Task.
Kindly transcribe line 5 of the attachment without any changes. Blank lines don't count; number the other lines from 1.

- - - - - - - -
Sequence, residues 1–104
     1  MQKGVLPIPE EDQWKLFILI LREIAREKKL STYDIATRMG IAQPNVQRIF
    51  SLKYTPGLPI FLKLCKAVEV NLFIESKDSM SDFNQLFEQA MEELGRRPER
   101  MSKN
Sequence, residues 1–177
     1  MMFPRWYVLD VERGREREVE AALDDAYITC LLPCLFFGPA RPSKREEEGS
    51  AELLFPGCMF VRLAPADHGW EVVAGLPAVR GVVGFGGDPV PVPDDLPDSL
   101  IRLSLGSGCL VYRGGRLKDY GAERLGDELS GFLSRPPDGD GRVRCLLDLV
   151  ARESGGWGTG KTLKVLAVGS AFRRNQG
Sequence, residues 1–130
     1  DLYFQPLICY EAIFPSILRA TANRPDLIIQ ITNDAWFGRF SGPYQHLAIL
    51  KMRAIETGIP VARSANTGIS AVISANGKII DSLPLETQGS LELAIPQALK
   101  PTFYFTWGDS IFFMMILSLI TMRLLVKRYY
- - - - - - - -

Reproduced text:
Sequence, residues 1–177